Need for Speed

Kristin Biondo is the latest in her family to make a run at the Olympics.

The 2003 U.S. Junior Short Track Championships Cleveland Heights Community Center Ice Rink, 1 Monticello Boulevard, Cleveland Heights 10:30 a.m. to 4 p.m. Saturday and Sunday, December 21 and 22, Free; call 440-899-0128

Speedskater Kristin Biondo doesn't get ready for her next big race by jogging or eating big bowls of pasta. The most important step for the 16-year-old competitor from Broadview Heights is a mental one -- being able to picture winning long before she hits the ice.

Her visual powers will be put to the test this weekend, as she and 30 other elite junior speedskaters from around the country go shoulder-to-shoulder in a series of races to determine who will make the 2003 U.S. Junior World Team.

"I've been racing as long as I can remember," says Biondo, who competed in her first race at age three and is part of a speedskating tradition that crosses three generations (most recently, brother Ron was a member of the U.S. Olympic Speedskating Team at the 2002 Winter Games in Salt Lake City).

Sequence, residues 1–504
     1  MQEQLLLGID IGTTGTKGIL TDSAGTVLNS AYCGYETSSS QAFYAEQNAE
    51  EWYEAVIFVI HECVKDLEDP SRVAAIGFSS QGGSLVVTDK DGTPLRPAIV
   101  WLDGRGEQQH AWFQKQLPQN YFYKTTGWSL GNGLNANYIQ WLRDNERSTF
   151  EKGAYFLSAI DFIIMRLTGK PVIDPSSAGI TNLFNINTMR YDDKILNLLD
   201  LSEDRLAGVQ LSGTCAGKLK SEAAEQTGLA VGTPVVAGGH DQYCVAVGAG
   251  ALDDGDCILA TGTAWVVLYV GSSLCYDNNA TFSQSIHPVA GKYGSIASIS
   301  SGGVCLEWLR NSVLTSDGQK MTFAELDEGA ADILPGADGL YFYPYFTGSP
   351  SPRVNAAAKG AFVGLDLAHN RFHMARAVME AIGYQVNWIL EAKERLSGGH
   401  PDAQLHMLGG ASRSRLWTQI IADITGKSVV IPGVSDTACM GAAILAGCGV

Therefore, racing competitively is nothing new to Biondo; she's gone up against other racers as a Tiny Tot, Pee Wee, and Midget. But her level of competition reached new heights this year, when she was named to the U.S. Olympic Development Team and began racing against other top U.S. juniors.

At the 2003 U.S. Junior Short Track Championships, skaters will compete in four distances -- 500, 1,000, 1,500, and 3,000 meters. In each heat, four or five skaters race counterclockwise around a 111-meter oval, jostling for position on the turns and hoping to finish in the top two, so they can advance to the next round.

Though she still races on skates her mother bought her several years ago, Biondo has a new custom-fit pair on order. They won't get here in time for this weekend's trials, but she plans on doing well enough to wear them next month as part of the U.S. Junior World Team. Now that's positive thinking.

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